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Shofar FTP Archive File: people/c/cockburn.alexander/press/nation.0293


Date: Mon, 22 Feb 1993 10:28:19 -0800 (PST)
From: Edward Alexander 
Subject: Nation

     Some of you may have followed the acrimonious controversy between
Alexander Cockburn and Edward Alexander in The Nation. It began with
Cockburn's attack on Alexander in the August 17 issue.  Alexander sent his
reply on August 11.  The Nation did not publish it for six months.  When
it did appear, in the February 15 1993 issue, it was severely cut, and no
ellipses were included to show readers where it had been cut.  Alexander's
full reply is printed below.



                                   11 August 1992

Editor, The Nation
     In an autobiographical essay, Alexander Cockburn has told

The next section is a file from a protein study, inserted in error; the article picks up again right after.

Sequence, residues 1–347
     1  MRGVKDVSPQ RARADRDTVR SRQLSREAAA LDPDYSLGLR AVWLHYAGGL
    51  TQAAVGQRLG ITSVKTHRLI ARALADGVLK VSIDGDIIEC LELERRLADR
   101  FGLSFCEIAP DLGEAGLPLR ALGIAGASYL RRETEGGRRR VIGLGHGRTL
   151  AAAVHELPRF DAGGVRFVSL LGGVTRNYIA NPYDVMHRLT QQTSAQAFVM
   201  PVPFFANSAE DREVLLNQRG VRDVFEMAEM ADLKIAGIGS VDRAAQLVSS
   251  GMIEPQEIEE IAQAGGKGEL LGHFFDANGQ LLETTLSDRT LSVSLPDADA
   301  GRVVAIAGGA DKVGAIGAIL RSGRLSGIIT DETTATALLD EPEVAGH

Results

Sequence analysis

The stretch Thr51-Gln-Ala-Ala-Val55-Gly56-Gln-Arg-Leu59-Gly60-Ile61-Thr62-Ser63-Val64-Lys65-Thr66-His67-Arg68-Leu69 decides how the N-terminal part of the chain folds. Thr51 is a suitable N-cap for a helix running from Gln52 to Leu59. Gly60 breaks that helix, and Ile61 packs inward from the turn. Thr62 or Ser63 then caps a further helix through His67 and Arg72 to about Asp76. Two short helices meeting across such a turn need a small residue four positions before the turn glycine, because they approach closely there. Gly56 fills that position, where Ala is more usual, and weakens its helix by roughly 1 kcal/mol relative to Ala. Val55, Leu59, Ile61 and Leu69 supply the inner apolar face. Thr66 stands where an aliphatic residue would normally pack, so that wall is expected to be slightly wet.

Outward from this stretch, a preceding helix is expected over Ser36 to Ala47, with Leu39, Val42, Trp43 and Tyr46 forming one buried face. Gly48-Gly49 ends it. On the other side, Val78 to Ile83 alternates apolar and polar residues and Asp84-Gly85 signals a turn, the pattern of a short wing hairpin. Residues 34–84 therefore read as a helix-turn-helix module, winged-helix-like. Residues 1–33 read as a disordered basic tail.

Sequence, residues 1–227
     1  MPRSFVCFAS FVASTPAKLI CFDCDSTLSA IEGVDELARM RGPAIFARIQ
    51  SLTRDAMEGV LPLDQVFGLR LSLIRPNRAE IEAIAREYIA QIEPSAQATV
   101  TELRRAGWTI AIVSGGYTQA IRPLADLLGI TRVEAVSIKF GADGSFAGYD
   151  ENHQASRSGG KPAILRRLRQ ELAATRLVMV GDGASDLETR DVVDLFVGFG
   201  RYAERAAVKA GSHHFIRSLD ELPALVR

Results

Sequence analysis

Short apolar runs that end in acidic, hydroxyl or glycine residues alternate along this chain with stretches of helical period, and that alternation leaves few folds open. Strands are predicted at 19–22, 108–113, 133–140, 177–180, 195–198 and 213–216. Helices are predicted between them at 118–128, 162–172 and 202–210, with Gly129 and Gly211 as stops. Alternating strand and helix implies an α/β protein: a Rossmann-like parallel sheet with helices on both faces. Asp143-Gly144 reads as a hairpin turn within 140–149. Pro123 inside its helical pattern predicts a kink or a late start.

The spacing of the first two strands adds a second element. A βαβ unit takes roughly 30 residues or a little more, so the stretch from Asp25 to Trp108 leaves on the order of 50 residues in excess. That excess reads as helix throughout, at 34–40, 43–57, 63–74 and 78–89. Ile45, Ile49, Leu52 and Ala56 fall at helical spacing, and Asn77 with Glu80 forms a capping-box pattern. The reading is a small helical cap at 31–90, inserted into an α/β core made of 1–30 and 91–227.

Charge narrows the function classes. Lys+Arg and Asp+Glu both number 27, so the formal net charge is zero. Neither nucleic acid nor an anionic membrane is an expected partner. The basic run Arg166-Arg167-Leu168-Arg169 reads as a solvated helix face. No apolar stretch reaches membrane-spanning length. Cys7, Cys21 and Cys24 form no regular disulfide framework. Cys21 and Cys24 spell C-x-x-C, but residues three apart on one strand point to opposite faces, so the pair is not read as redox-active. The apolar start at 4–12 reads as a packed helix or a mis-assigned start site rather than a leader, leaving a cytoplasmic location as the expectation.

how he recognized that journalism was his destiny.  He recalls
how his father, a U.S. correspondent for The Times of London who
specialized in sending his paper reports that were total
fabrications, tried to extricate himself from a humiliating
domestic situation by telling young Alexander an imaginative lie.
"It was a fine try, and . . . I felt . . . the powerful urge to
become a journalist, since only a journalist . . . could have
conceived such a preposterous story at a moment's notice and
within moments recounted it with such vibrant conviction."
Cockburn's libelous attack on me in the August 17/24 Nation shows
how loyal he remains to his father's ideal of the journalist as a
person who tells wilful untruths with aplomb.
     After more than two and a half years of brooding over an
essay he claims I published about him in "the obscure venue of
the Seattle Post-Intelligencer, a paper whose editors have felt
no compunction about publishing, without checking, his deranged
polemics," Cockburn has gathered his mental energies for a